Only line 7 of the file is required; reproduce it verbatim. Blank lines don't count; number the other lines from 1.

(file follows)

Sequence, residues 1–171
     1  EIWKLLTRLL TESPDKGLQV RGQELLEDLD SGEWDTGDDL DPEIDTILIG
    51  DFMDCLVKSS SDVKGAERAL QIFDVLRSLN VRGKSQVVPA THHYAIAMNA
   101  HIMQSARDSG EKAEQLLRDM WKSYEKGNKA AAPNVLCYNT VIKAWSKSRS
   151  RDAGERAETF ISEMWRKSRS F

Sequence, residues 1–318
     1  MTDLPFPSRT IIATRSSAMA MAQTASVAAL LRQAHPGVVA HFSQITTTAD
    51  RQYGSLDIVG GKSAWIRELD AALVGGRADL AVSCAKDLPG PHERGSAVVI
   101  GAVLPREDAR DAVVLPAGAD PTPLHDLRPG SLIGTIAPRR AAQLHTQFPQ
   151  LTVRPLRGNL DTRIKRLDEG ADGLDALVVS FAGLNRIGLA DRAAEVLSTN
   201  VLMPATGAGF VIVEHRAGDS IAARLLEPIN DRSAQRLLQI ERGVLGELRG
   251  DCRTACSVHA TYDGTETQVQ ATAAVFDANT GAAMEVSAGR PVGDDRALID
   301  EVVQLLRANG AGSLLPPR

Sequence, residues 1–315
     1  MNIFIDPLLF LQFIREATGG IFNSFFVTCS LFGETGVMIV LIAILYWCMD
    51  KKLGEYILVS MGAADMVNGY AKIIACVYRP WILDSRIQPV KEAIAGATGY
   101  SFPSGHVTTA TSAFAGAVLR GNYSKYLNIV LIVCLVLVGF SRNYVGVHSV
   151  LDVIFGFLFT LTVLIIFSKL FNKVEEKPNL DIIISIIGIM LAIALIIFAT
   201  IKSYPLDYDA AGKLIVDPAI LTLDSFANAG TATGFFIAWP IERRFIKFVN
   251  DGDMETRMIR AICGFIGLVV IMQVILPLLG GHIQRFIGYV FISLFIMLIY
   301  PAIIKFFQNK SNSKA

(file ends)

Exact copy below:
     1  MTDLPFPSRT IIATRSSAMA MAQTASVAAL LRQAHPGVVA HFSQITTTAD